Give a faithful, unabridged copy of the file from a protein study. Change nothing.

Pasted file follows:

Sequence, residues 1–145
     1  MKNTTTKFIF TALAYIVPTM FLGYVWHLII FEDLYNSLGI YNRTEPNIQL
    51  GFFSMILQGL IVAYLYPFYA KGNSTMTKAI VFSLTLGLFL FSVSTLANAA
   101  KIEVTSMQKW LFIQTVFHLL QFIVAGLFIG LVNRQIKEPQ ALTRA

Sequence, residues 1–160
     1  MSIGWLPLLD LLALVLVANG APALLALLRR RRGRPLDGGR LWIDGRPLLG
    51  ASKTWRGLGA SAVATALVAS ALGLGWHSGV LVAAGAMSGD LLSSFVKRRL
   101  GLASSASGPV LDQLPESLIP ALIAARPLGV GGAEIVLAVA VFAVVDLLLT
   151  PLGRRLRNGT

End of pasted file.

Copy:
Sequence, residues 1–145
     1  MKNTTTKFIF TALAYIVPTM FLGYVWHLII FEDLYNSLGI YNRTEPNIQL
    51  GFFSMILQGL IVAYLYPFYA KGNSTMTKAI VFSLTLGLFL FSVSTLANAA
   101  KIEVTSMQKW LFIQTVFHLL QFIVAGLFIG LVNRQIKEPQ ALTRA

Sequence, residues 1–160
     1  MSIGWLPLLD LLALVLVANG APALLALLRR RRGRPLDGGR LWIDGRPLLG
    51  ASKTWRGLGA SAVATALVAS ALGLGWHSGV LVAAGAMSGD LLSSFVKRRL
   101  GLASSASGPV LDQLPESLIP ALIAARPLGV GGAEIVLAVA VFAVVDLLLT
   151  PLGRRLRNGT